The outcome must surely be that costs will increase rather than reduce. Moreover, the money needed to develop better, cheaper, more innovative scholarly publishing solutions could dry up in order to feed the legacy publishers.
And since this is allowing legacy publishers to embed themselves, and their excessive prices, into the new OA environment it is hard to see how the affordability problem the research community faces can be resolved.
Moreover, once the legacy publishers are embedded in the new system it will be far more difficult to recover the situation and resolve the affordability problem. Better by far to seize the nettle today, and stop signing OA Big Deals.
Thanks for these thoughtful comments.
I think in Canada the hope is that the government will be able to fund non-profit gold open access publishers through government grants to publishers and journals. The idea is government grants to journals and publishers, plus research funds, plus the work that is done on a voluntary basis anyways (like reviewing, writing), plus potentially redirection of funds from libraries to researchers (though this is not explicitly on the table), plus a 12 month embargo periods would be enough to make OA feasible (see e.g. https://www.calj-acrs.ca/news/reminder-important-and-urgent-update-future-sshrc-funding-journals)
What makes it particularly interesting in Canada, however, is that we're a small research community highly integrated into a very large one. If our journal, the CJE, was to move to gold-standard open access, the gainers could be all of the libraries who don't have to pay for a CJE subscription any more (I said "could" rather than "will" because given the non-transparency in journal pricing, it's not obvious that would happen). Most of those libraries are outside Canada. There's no mechanism for them to compensate the CJE. Likewise, since most of the journals Canadian libraries subscribe to are based outside the country, a unilateral move towards open access by Canadian journals isn't going to free up a lot of library funds, so there's no funds there to compensate Canadian researchers. The Big Deal might seem like the solution here - your post explains very convincingly why it isn't.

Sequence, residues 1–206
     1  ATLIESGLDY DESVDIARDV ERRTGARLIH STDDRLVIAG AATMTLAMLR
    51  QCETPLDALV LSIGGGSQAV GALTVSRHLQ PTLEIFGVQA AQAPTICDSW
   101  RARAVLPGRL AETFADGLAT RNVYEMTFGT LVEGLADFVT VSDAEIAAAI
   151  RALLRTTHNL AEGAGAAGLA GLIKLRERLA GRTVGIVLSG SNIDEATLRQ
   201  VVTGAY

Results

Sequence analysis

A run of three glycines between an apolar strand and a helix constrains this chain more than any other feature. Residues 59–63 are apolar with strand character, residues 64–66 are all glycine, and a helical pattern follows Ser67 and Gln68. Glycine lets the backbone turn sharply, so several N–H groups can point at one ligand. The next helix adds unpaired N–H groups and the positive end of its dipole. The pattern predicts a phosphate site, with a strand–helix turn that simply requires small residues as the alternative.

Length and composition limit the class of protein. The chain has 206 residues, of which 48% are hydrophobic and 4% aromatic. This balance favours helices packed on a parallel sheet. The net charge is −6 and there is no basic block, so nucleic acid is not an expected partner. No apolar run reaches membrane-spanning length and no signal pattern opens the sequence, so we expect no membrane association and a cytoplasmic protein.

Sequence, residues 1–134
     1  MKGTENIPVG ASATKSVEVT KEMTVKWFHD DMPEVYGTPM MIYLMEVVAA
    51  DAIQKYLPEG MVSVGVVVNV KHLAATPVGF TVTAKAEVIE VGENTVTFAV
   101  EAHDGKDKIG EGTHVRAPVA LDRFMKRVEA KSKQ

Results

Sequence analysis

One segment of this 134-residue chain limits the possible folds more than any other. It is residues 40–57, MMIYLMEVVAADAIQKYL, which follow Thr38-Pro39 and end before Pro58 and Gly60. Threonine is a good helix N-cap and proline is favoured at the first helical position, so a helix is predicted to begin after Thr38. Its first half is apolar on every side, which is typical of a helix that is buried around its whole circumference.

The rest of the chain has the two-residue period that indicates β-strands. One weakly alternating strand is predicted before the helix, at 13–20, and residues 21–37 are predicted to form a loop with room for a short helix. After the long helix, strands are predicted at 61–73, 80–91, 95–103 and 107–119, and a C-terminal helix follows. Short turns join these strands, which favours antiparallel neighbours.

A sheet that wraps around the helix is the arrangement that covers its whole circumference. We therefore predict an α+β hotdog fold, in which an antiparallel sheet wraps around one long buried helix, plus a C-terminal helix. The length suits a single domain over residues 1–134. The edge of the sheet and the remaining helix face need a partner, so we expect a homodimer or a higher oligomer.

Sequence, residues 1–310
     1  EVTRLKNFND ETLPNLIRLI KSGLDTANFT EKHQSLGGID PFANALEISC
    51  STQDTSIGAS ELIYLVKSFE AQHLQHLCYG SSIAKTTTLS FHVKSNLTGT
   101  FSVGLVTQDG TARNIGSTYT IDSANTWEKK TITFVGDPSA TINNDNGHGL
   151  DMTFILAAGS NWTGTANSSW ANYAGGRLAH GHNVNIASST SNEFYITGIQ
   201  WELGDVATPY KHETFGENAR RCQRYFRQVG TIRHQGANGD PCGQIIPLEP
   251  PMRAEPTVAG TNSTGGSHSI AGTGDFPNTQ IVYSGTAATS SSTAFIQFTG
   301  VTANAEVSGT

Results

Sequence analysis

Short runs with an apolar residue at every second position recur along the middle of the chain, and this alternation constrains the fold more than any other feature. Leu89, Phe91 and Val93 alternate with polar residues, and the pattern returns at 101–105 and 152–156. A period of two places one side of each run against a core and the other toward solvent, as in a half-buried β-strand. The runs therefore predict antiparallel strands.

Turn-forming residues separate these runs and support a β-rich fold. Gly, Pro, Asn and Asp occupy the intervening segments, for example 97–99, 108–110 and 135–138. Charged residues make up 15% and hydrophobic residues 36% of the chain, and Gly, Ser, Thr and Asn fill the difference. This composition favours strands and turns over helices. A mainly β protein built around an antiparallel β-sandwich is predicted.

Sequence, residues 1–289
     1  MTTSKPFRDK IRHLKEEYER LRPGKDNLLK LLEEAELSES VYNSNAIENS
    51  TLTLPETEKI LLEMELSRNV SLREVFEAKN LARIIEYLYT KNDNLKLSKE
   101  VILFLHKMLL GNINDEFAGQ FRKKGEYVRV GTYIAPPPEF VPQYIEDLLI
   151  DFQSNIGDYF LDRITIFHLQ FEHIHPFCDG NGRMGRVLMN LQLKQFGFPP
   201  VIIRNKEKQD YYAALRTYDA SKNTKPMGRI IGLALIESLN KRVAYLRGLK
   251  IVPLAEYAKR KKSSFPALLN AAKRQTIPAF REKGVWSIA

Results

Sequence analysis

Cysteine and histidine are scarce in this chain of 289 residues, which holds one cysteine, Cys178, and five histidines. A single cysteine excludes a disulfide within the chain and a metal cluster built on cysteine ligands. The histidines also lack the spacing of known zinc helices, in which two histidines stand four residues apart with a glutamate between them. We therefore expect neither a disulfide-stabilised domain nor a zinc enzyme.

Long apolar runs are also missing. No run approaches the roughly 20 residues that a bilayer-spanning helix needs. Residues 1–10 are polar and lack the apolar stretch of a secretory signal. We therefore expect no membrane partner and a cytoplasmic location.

Economics is also a unique discipline. It's strongly hierarchical, so much so that publications in low-ranked journals have *negative* reputational effects. Status is everything, and a journal's publisher signals its status. If CJE was to move to a non-profit Canadian open access publisher, would we still be taken as seriously? Perhaps the answer to that question is yes, but it's a big risk to take.
Economics content also has science-level publication costs (lots of tables, figures, equations, to typeset, authors who need a lot of copy editing) without science-level research funding. This makes the government grants+voluntary scholarly contributions model more challenging.